This post is about sharing our work with other musicians, producers, and folks in-the-know that we trust to get a second opinion on things.
A couple of days ago I was sitting on my computer getting ready to do some work when a friend of mine from high school came online. He’s been doing very well for himself doing commercial music for film and advertising, while also performing his own music as Glorious Monster. Every now and then we’ll contact each other and get a feel for what we’re up to. It’s really nice to have other people who produce music to talk to and geek out with. Anyway, he was working on a potential soundtrack for a theatrical trailer and wanted to get my opinion of the piece.
He sent it over and I was impressed. He was integrating a choir, string samples, and other orchestral elements to create a very present, intense atmosphere. But, I didn’t think the choir blended very well with the orchestral elements, that the mix was too dry, and the sibilance of the choir was annoying, particularly with the ambience he had chosen. I also felt that the strings were panned too hard to be realistic sounding. I suggested pulling the strings in, putting a de-esser on the choir, and blending more ambience between the elements.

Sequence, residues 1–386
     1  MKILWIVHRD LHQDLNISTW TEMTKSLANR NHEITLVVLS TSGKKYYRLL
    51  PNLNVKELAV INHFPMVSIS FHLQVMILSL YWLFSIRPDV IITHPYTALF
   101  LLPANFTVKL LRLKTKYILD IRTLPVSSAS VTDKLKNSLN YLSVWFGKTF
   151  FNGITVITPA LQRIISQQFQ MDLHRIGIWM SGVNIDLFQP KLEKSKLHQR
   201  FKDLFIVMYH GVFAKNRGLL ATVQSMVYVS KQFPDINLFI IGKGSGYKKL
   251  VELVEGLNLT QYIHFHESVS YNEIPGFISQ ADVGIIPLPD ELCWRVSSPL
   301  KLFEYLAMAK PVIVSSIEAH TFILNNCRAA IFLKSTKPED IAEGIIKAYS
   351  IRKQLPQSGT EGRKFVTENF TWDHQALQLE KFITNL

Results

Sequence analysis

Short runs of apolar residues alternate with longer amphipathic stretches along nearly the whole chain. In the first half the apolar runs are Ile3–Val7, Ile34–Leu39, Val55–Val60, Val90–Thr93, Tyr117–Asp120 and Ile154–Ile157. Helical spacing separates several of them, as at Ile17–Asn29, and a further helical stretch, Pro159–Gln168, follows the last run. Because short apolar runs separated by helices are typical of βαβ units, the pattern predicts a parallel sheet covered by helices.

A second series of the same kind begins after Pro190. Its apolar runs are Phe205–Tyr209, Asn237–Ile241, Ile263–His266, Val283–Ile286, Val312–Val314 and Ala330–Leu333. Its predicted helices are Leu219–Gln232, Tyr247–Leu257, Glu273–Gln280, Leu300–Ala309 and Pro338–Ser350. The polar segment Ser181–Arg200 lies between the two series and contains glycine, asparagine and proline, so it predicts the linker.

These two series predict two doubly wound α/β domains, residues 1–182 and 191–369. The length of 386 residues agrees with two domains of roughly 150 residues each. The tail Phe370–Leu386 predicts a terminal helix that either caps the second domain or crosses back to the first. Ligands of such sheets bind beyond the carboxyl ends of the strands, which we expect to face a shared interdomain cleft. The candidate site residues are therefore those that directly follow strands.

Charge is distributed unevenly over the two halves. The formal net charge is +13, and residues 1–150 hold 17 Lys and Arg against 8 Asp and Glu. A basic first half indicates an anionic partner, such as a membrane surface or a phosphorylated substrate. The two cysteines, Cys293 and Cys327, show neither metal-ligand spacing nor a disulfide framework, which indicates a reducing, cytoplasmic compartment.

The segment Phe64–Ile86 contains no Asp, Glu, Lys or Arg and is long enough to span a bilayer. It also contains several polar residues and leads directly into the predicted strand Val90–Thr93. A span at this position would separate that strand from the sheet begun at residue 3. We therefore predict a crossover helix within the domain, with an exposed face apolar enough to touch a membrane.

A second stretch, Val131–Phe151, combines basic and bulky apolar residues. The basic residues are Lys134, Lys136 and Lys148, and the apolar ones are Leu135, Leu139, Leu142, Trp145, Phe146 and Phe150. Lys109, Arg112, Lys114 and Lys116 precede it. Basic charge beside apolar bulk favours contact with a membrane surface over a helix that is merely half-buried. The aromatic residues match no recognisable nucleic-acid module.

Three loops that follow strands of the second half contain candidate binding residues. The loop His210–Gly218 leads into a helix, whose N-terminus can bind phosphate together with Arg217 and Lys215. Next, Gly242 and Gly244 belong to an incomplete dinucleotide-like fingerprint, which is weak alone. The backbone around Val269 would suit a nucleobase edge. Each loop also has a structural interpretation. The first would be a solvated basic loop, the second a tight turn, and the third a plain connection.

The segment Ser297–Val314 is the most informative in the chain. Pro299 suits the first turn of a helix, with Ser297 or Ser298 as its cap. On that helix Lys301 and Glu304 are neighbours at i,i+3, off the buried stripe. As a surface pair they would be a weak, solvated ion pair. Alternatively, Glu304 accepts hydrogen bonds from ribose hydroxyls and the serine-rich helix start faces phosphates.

Turns out that he had been working on the project for 12 hours straight or so and was exhausted. He had been concerned that he was making the mix too wet and had been laying off the ambience. He thanked me for my input, put a de-esser on the choir, blended more ambience in, noting an improvement.
All to often we get wrapped up in our work, end up exhausted, and have a hard time making decisions after a certain point. It’s really helpful to have friends that we can bounce our ideas off of in these moments. Even though we have different tastes, these differences make sharing our work more interesting and give us opportunities to learn along the way.